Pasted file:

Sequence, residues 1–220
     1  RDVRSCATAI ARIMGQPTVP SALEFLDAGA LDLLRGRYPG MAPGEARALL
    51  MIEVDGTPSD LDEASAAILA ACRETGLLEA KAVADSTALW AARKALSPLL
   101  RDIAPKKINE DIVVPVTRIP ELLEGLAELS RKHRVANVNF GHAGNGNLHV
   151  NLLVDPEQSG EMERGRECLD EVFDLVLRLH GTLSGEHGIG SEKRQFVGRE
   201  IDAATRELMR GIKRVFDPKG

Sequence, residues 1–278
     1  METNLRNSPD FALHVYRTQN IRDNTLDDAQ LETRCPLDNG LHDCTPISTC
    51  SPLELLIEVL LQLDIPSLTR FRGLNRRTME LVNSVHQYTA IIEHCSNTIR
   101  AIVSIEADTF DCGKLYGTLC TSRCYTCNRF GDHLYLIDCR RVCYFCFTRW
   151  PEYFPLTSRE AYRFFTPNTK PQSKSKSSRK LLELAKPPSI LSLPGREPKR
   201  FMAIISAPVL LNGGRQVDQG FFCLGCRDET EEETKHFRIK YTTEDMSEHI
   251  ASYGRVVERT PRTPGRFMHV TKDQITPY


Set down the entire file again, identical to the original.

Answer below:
Sequence, residues 1–220
     1  RDVRSCATAI ARIMGQPTVP SALEFLDAGA LDLLRGRYPG MAPGEARALL
    51  MIEVDGTPSD LDEASAAILA ACRETGLLEA KAVADSTALW AARKALSPLL
   101  RDIAPKKINE DIVVPVTRIP ELLEGLAELS RKHRVANVNF GHAGNGNLHV
   151  NLLVDPEQSG EMERGRECLD EVFDLVLRLH GTLSGEHGIG SEKRQFVGRE
   201  IDAATRELMR GIKRVFDPKG

Sequence, residues 1–278
     1  METNLRNSPD FALHVYRTQN IRDNTLDDAQ LETRCPLDNG LHDCTPISTC
    51  SPLELLIEVL LQLDIPSLTR FRGLNRRTME LVNSVHQYTA IIEHCSNTIR
   101  AIVSIEADTF DCGKLYGTLC TSRCYTCNRF GDHLYLIDCR RVCYFCFTRW
   151  PEYFPLTSRE AYRFFTPNTK PQSKSKSSRK LLELAKPPSI LSLPGREPKR
   201  FMAIISAPVL LNGGRQVDQG FFCLGCRDET EEETKHFRIK YTTEDMSEHI
   251  ASYGRVVERT PRTPGRFMHV TKDQITPY